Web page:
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Reminder: The American Health Care Act Would Have Been Terrible For People With Pre-existing Conditions

By October 11, 2018No Comments

FACT: The American Health Care Act would have allowed insurers to charge people with pre-existing conditions more because it allowed states to eliminate community rating.

The surcharge could have been in the tens of thousands of dollars and even six figures: up to $4,270 for asthma, $17,060 for pregnancy, $26,180 for rheumatoid arthritis and $140,510 for metastatic cancer.

That’s Why Those Who Know Health Care Best Said The American Health Care Act Was The Worst for People With Pre-Existing Conditions

American Medical Association: “The History Of High-Risk Pools Demonstrates That Americans With Pre-Existing Conditions Will Be Stuck In Second-Class Health Care Coverage — If They Are Able To Obtain Coverage At All.” “High-risk pools are not a new idea. Prior to the enactment of the Affordable Care Act, 35 states operated high-risk pools, and they were not a panacea for Americans with pre-existing medical conditions. The history of high-risk pools demonstrates that Americans with pre-existing conditions will be stuck in second-class health care coverage – if they are able to obtain coverage at all.” [American Medical Association, 5/3/17]

American College Of Physicians: “We Have Grown Even More Concerned.” “It will bring great harm to patients, many of whom are treated by our members, notwithstanding the amendment that reportedly will be offered today on funding for high risk pools. In an April 24 letter, ACP detailed many of the reasons why this bill will undermine coverage, benefits, and consumer protections for millions of people. Nothing since then has changed our assessment of the harm the AHCA will bring to patients. Rather, we have grown even more concerned.” [American College of Physicians, 5/3/17]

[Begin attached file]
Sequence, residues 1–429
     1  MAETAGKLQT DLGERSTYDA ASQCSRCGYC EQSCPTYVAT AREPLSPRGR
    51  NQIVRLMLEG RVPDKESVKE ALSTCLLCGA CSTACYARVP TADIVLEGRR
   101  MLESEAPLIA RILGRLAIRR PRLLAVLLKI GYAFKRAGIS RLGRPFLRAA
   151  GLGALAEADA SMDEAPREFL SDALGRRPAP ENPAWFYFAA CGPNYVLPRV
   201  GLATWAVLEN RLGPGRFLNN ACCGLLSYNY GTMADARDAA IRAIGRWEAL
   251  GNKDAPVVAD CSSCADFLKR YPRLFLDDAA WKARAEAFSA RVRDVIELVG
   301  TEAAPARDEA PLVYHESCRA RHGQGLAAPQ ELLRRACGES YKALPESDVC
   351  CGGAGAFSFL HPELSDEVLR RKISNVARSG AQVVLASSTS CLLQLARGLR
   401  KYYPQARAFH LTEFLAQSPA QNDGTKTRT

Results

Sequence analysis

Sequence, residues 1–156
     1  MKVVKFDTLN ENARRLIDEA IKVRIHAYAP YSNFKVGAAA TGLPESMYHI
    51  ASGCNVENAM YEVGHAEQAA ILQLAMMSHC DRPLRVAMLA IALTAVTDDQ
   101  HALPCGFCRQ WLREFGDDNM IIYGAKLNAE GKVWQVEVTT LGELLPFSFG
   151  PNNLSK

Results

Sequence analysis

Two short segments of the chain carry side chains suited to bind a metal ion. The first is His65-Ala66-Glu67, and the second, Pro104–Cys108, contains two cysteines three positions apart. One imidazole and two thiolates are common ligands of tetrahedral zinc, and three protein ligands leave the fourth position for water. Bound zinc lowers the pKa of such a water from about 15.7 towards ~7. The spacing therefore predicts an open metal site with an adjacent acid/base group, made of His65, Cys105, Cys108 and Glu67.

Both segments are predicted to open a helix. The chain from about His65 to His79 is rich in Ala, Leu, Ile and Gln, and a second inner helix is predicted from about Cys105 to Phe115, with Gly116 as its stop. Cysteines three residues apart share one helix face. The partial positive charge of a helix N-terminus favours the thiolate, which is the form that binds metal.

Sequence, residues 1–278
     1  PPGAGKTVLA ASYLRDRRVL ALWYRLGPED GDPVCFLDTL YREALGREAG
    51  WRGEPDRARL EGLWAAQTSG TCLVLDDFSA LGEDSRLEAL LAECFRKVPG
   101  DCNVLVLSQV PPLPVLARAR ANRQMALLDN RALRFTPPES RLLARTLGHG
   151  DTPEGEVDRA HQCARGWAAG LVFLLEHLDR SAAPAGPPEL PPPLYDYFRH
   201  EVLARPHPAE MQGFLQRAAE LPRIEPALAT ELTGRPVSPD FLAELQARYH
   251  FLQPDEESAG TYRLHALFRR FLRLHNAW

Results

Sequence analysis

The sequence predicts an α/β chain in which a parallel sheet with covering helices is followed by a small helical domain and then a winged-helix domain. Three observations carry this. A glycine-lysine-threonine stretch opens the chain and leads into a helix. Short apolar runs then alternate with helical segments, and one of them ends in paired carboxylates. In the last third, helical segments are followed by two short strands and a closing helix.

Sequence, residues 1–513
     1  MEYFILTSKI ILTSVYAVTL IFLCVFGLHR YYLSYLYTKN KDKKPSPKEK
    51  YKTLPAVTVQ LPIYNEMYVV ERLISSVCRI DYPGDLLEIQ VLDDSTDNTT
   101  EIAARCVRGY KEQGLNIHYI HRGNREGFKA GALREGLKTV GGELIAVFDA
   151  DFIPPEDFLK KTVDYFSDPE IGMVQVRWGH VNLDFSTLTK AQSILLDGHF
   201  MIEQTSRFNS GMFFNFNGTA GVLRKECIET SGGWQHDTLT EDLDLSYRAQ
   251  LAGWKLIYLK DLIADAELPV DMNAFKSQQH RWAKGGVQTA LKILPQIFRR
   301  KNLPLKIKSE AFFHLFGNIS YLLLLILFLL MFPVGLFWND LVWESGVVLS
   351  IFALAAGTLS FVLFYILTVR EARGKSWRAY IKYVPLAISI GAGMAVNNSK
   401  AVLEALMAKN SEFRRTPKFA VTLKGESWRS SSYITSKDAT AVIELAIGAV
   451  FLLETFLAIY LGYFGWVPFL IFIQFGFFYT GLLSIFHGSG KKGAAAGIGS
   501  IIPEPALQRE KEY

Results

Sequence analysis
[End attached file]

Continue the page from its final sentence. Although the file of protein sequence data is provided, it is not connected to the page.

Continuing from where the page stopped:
American College Of Physicians: “Make No Mistake: This Paltry Increase In Funding For High Risk Pools That Are Already Grossly Underfunded By The Bill Will Not Make Coverage Affordable For Sick People.” [American College of Physicians, 5/3/17]

Association Of American Medical Colleges: “Patients Will Still Be At Risk, Leaving Those With Cancer, Congenital Heart Conditions, Mental Illness, Or Other Needs With Access To Coverage They Cannot Afford.” “As drafted, the AHCA would allow states to waive current protections for individuals with preexisting conditions who have a gap in coverage, leaving them vulnerable to insurers who may charge higher premiums based on their more fragile health status. The amendment appears to offer little relief for these skyrocketing costs for the sick; what relief it would provide is impossible for any patient or family to predict…Patients will still be at risk, leaving those with cancer, congenital heart conditions, mental illness, or other needs with access to coverage they cannot afford.” [AAMC, 5/4/17]

American Cancer Society Cancer Action Network: “[The Upton Amendment] Is Particularly Egregious Because It Would Further Incent States To Apply For Waivers From Current-Law Market Rules That Protect Patients With Pre-Existing Condition.” [American Cancer Society Cancer Action Network, 5/3/17]